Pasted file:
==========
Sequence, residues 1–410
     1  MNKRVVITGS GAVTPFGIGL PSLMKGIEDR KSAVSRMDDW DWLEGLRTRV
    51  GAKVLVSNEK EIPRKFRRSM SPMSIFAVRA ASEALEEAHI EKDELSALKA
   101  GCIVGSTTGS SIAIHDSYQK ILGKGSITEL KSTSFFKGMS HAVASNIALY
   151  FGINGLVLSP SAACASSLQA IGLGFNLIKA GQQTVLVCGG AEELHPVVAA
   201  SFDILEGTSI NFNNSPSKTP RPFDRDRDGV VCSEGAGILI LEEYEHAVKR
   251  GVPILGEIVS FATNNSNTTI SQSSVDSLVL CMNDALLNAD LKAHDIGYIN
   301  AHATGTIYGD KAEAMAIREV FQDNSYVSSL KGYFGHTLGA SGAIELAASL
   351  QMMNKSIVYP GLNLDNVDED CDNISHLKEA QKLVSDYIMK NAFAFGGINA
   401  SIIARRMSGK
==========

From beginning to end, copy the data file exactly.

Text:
Sequence, residues 1–410
     1  MNKRVVITGS GAVTPFGIGL PSLMKGIEDR KSAVSRMDDW DWLEGLRTRV
    51  GAKVLVSNEK EIPRKFRRSM SPMSIFAVRA ASEALEEAHI EKDELSALKA
   101  GCIVGSTTGS SIAIHDSYQK ILGKGSITEL KSTSFFKGMS HAVASNIALY
   151  FGINGLVLSP SAACASSLQA IGLGFNLIKA GQQTVLVCGG AEELHPVVAA
   201  SFDILEGTSI NFNNSPSKTP RPFDRDRDGV VCSEGAGILI LEEYEHAVKR
   251  GVPILGEIVS FATNNSNTTI SQSSVDSLVL CMNDALLNAD LKAHDIGYIN
   301  AHATGTIYGD KAEAMAIREV FQDNSYVSSL KGYFGHTLGA SGAIELAASL
   351  QMMNKSIVYP GLNLDNVDED CDNISHLKEA QKLVSDYIMK NAFAFGGINA
   401  SIIARRMSGK